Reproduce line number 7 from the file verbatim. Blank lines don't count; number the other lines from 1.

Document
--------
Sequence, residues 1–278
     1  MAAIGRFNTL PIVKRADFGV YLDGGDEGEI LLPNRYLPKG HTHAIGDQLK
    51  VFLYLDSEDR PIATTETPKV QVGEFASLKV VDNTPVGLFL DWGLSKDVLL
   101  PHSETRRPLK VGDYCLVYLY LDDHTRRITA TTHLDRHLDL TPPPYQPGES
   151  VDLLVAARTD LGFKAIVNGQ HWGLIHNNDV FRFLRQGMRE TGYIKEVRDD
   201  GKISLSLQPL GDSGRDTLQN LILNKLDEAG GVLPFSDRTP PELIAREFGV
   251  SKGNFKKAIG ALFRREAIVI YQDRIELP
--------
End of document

   251  SKGNFKKAIG ALFRREAIVI YQDRIELP